Tuesday January 31, 2023 | LANGFORD, BC
by Mary P Brooke, Editor | Island Social Trends
Near the end of a full week on Vancouver Island, NDP Leader Jagmeet Singh made a pit stop in Langford on Thursday January 26.
The national party leader undertook a few targeted visits along with local MP Alistair MacGregor (Cowichan-Malahat-Langford): one with students at Belmont Secondary School and the other with mayor and council at Langford City Hall.
“How often do students get to meet a national political leader?” said Alistair MacGregor, MP (Cowichan-Malahat-Langford) last week.
Both events were closed to all media (party staffers took photos), but Island Social Trends interviewed Singh afterward.
Visiting with students:
Belmont Principal Laura Fulton hosted the two politicians in her school.
Jagmeet Singh had been to Belmont Secondary School before, a few years ago, pre-COVID. During that visit he and MacGregor addressed the public and students in the Learning Commons area, then answered questions. This time the visit with students was in a classroom, with two classes combined… a little more private and perhaps less disruptive compared to using the larger commons.
Politicians always appreciate having access to conversations with youth, as the youth vote is coveted by all parties given the likelihood of repeat voting along the same party lines through adult years. The minimum voting age in Canada is 18, but teens are already thinking about their community, their society and their world well before that age.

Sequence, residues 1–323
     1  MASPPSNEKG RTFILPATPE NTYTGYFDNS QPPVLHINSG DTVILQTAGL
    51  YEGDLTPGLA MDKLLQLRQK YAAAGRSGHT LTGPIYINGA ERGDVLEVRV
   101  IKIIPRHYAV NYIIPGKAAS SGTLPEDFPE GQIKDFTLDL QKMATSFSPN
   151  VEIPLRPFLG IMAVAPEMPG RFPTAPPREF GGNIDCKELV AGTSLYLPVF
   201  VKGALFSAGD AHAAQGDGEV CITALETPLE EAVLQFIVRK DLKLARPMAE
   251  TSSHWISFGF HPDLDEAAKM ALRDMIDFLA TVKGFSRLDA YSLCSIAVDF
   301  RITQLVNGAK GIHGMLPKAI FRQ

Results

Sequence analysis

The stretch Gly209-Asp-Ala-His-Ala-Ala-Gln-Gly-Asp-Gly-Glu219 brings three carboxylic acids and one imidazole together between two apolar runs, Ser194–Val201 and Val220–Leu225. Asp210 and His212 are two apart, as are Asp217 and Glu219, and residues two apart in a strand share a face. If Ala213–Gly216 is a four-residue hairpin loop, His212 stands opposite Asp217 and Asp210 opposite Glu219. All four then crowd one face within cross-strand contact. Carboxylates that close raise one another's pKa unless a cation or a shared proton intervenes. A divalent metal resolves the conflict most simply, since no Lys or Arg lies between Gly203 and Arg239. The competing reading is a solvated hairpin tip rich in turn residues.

“Their questions really put me on the hot seat,” said Singh later that afternoon. They wanted to know his policies on things and how he would fix certain things. “They had some good solutions and great points, things I hadn’t necessarily considered,” said Singh.
The youth posed questions about helping people with affordability, at one point drilling down on a specific example of helping a single mother with kids. Singh said he explained to the students that the NDP’s approach is to “help everyone who is struggling”.
He did go into some detail about more options for affordable quality child care. He outlined the national dental care program which will be expanded (from its present helping families pay for dental for kids under age 12) to cover all kids 18 and under by this year-end.
The students at Langford’s only high school were apparently keen to hear (or be reminded) that the federal portion of interest on student loans has been permanently eliminated, something that the NDP recently achieved by pressuring the current Liberal minority government.